These are my stories as a volunteer member of the Sheriff's Search & Rescue team in Coconino County, Arizona. I'll share what it's like to go from a beginner with a lot to learn to an experienced and, hopefully, valuable member of the team, as well as the missions, trainings, and other activities along the way.
About Coconino County
About Coconino County
Encompassing 18,661 square miles, Coconino County, Arizona, is the second largest county in the U.S. but one of the least populated. Our county includes Grand Canyon National Park, the Navajo, Havasupai, Hualapai and Hopi Indian Reservations, and the largest contiguous ponderosa pine forest in the world. Elevations range from 2,000 feet above sea level along the Colorado River to 12,633 feet at the summit of Mt. Humphreys in Flagstaff.
March 8, 2008
Never Too Early for a Joy-Ride
In our briefing, under the heading of "Subject," we're given Jason's age, ethnicity, height and weight, and the fact that he's wearing all black clothing. It also states, "Reported to have ETOH on board." I have no idea what that is, so, going by the context, I sort of assume it's a drug. But I'm soon corrected when Al explains that ETOH is a fuel additive that gives the machine extra power. (I didn't know ATVs needed extra juice; they seem plenty powerful to me in their "natural state.") I'd have thought that detail would have been listed under the heading of "Vehicle," but anyhow.... We're also informed that Jason has with him a Mini-maglite, cigarettes and a lighter. And he has no known medical conditions. I hope, given the circumstances, that that last bit of information still holds true. Darkness, trees, ditches, cinder hills and a souped-up ATV don't necessarily mix all that well. And there's some indication that Jason may have tied one on--or at least had a few--before he went for the ride. I'm thinking this isn't sounding so good. As Al drives, I'm silently reviewing what I learned in Wilderness First Responder class about initial scene and patient assessment. This time, the blood and broken bones might just be for real.
We're almost at the campsite now, bumping along a dirt road. Deputies have already been out in the area, searching, and the DPS helicopter is in the air for an "NVG" (Night Vision Goggle) flight. But .... oh. Nevermind. Jason just walked into camp. Code 4, we hear over the radio. His ATV broke down somewhere along the powerline. Well, we don't rescue ATVs, so back to The 105 to unload we go.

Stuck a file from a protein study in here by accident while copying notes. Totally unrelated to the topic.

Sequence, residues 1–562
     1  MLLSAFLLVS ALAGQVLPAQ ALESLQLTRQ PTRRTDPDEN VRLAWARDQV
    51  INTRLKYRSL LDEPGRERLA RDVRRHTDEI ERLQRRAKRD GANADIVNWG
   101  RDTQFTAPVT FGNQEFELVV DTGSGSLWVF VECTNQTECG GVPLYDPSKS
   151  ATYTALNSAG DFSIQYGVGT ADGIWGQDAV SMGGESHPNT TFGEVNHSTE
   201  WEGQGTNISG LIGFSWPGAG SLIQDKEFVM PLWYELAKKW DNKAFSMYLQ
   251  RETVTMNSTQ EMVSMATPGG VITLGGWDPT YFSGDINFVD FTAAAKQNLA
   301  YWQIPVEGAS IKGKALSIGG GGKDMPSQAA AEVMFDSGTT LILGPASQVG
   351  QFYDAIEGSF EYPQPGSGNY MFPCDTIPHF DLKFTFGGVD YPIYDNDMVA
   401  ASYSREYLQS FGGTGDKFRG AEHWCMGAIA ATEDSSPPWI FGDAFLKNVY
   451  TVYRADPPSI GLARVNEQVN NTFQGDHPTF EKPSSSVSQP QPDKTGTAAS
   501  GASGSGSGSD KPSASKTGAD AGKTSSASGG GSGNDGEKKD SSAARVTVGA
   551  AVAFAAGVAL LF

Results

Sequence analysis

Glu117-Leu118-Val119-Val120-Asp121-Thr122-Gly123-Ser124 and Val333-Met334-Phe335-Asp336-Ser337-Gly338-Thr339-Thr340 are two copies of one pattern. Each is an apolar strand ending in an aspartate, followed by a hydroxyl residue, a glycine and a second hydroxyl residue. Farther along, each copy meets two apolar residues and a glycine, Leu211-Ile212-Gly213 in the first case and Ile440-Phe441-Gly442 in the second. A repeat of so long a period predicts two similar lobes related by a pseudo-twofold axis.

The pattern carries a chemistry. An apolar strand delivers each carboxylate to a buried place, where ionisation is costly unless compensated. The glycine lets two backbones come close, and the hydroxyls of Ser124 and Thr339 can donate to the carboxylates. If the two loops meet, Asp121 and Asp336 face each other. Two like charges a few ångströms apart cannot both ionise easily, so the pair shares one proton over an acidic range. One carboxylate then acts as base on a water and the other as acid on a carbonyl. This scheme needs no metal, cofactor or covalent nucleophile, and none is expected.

Later today, at 1:00 in the afternoon as Steve and I are finishing lunch at our favorite pizza joint, my pager goes off again. I call in and hear that a father and three young children got their ATVs stuck in the mud. I hang up without leaving a message, to think this one over for a minute. So we have to go pull them out of the mud? Do I want to do that on this lazy weekend afternoon? But seconds later, that becomes irrelevant when my pager goes off again. 10-22. Mission cancelled. Boy, that was fast.
At 4:50pm, the pager beeps for the fourth time today. By now, Steve and I are at home. I call in and Sergeant D's message states that there has been a snowmobile accident with injuries, and the medics need assistance with access. He says that he needs volunteers who can drive snowmobiles and the thiacol. Well, I did drive a snowmobile about 12 years ago up at the North Rim. Does that count? Probably not. We have a SAR snowmobile training session coming up on March 29th, which I'm scheduled to attend, so I guess I'll have to wait till after that. Still, I wonder if they could use my help anyway. But it doesn't matter now; a fifth page with another 10-22. What a day!
Just came across your blog and am really enjoying reading your postings.
One comment, I believe when they say someone has ETOH on board it means they've been drinking alcohol. ETOH is short for ethyl alcohol.
Southern Arizona Rescue Association
Southern Arizona Rescue Association ... hmm. I'll have to Google that and see where you're from.
Anyhow, I thought the same thing when I saw "ETOH on board" in the official briefing on the day of that search. But I didn't think they'd use slang in the briefing, so I asked one of my teammates for an explanation, and he said it was some kind of fuel additive to make the thing more powerful. If I had to venture a guess, though, I'd say your assessment would be correct, too!
Anyhow, thanks for stopping by my blog.
P.S. Jim, I just visited the Southern Arizona Rescue Association site at www.sarci.org. I see, like our team, you all are in the process of getting a new building. We have a shell right now but not yet the funds to finish the interior. It'll be nice when it's done; then most of us won't have to drive so far to the SAR building when our pagers go off, cutting down response time.
We, the Southern Arizona Rescue Association (SARA) are working toward a permanent home. It will nice to finally have our own place and not have to worry about leases ending, moving, etc. One of these days....
Sounds like SARA works a bit differently than Coconino SAR when it comes to call response. When we get called out we'll generally respond to a rendezvous location (not our HQ) before then moving to base camp.
I think the whole ETOH on board thing is officer/medic slang. I've definitely heard it from our deputies and also came across a reference on-line at:
Post a Comment